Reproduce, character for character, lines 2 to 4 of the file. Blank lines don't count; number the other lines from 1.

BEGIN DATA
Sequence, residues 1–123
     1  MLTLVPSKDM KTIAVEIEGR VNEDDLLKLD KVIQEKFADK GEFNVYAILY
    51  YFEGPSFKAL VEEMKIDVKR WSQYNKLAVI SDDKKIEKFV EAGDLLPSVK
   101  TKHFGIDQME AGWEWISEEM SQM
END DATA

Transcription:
     1  MLTLVPSKDM KTIAVEIEGR VNEDDLLKLD KVIQEKFADK GEFNVYAILY
    51  YFEGPSFKAL VEEMKIDVKR WSQYNKLAVI SDDKKIEKFV EAGDLLPSVK
   101  TKHFGIDQME AGWEWISEEM SQM